The CHAIRPERSON asked whether access to health care was available for all children in Qatar or just to Qatari nationals. While commending the State party for responding to the concerns expressed in the 2001 concluding observations in respect of disabled children, he asked whether all disabled children had access to health care.

Ms. AL-OBEIDLI (Qatar) said that the hotline for the protection of women and children was staffed by specialists. There were many hotlines offering various kinds of assistance, and it was hoped that a single hotline would centralize all such outreach in the near future, offering attention of the highest quality. Some non-governmental organizations (NGOs) had hotlines of their own for specific problems, such as neglect or ill-treatment. The Qatari Foundation for the Protection of Women and Children visited homes and schools to follow up on such cases. The Foundation provided services to persons of all nationalities; it made use of interpreters and contacted foreign consulates when necessary.

A juvenile court and specialized prosecutors and police handled cases involving minors. The juvenile court currently had 97 cases on its docket, of which 44 were currently under investigation. The law governing the status of domestic workers did not distinguish between Qatari and non-Qatari nationals.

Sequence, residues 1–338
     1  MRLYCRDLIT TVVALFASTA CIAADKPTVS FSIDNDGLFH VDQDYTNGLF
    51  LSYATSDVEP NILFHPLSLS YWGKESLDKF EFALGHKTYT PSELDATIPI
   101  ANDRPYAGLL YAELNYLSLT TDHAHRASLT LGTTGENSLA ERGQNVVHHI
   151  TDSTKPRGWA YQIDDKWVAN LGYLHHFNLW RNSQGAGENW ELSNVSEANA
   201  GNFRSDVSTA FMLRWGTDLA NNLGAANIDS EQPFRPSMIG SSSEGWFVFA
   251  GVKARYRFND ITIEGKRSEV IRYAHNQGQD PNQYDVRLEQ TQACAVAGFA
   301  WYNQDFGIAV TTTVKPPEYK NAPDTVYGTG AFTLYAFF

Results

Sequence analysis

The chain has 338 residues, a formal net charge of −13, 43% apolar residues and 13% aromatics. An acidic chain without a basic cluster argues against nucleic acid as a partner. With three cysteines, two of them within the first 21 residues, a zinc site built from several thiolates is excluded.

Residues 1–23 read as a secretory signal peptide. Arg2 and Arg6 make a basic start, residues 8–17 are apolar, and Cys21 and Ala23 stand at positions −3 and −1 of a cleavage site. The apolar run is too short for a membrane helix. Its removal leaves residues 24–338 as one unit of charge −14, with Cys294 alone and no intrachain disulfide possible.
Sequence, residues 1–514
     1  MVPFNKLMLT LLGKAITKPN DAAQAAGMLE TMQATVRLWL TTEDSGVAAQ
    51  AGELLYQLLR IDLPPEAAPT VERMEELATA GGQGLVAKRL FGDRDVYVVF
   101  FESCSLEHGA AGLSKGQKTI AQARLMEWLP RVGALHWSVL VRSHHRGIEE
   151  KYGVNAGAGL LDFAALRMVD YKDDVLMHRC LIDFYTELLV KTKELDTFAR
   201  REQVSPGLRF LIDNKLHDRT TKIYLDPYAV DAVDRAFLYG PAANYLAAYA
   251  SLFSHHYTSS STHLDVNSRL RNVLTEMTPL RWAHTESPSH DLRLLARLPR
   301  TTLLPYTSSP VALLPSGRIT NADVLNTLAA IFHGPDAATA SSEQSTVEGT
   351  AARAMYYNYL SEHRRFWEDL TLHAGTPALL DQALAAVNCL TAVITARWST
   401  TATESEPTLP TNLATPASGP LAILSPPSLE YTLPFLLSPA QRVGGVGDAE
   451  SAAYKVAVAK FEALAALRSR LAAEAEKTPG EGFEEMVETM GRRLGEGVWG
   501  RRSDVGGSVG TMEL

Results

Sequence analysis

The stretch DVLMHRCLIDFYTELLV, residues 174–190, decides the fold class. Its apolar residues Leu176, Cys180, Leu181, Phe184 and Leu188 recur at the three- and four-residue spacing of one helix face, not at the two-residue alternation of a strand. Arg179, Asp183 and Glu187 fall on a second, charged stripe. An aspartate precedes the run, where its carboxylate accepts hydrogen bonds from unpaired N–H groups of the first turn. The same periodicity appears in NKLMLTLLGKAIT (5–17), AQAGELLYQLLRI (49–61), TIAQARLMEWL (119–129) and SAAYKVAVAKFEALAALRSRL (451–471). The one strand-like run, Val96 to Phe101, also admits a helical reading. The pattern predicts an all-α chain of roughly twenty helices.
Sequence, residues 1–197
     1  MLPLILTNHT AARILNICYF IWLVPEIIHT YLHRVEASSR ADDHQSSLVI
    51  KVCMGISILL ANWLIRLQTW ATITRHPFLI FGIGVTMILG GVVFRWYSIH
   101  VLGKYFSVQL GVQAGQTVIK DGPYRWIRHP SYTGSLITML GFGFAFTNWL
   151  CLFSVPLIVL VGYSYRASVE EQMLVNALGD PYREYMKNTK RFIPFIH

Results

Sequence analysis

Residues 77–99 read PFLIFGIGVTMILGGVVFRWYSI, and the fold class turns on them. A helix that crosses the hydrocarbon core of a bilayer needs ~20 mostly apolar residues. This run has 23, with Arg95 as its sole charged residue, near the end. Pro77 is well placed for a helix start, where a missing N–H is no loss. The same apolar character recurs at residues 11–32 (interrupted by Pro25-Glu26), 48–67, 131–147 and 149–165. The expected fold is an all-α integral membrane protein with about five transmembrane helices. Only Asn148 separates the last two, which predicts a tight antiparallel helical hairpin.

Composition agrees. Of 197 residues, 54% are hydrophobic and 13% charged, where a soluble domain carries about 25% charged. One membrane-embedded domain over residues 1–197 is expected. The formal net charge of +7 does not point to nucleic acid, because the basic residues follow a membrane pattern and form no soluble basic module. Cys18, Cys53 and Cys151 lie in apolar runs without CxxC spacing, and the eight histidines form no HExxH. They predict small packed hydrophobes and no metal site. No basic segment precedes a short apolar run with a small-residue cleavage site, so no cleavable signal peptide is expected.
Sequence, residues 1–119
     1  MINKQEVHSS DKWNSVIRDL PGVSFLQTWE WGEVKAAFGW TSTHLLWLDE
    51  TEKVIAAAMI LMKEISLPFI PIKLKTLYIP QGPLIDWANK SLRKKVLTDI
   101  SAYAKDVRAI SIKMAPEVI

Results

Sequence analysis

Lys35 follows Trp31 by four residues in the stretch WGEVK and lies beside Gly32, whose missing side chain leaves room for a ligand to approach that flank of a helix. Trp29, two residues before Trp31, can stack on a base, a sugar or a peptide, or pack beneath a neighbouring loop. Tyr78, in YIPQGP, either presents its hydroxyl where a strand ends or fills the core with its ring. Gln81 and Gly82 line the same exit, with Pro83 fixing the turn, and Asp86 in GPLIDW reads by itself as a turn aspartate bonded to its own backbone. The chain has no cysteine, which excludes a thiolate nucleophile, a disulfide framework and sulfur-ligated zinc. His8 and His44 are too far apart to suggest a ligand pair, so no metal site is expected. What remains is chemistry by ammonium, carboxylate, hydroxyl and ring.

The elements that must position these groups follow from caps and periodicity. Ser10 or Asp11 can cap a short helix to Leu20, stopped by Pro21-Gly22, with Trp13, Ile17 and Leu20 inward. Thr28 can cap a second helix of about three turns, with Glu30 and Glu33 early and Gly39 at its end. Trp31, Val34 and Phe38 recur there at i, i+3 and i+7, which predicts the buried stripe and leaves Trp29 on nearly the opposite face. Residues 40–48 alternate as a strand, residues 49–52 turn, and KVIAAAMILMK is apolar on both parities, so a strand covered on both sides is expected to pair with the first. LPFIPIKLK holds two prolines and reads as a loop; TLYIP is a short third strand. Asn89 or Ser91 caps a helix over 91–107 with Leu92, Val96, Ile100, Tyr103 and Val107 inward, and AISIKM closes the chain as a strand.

Ms. Mariam AL-MALKI (Qatar) said that since 2003 Qatar had implemented a national strategy to combat human trafficking, which had included the establishment of a shelter and the designation of a national coordinator to deal with such issues. The recruitment of child labour was prohibited under Act No. 22 of 2005, and a National Office to Combat Human Trafficking had been established and ensured coordination with prosecutors, judicial authorities, human rights bodies, the relevant ministries and the Qatari Foundation for the Protection of Women and Children. The Qatar Foundation to Combat Human Trafficking carried out case studies, provided legal advice, followed up on court cases and set up reintegration programmes, and worked closely with the various civil society organizations addressing the needs of children. The Foundation worked in cooperation with the United Nations Children’s Fund (UNICEF), the United Nations Educational, Scientific and Cultural Organization (UNESCO), the regional office of the United Nations Office on Drugs and Crime, the International Red Cross and Red Crescent Movement and Johns Hopkins University, which helped to conduct awareness raising activities on the subject of trafficking. Since the adoption of Act No. 22, a committee had been set up to monitor actions taken to combat human trafficking, but no crimes related to human trafficking had been reported.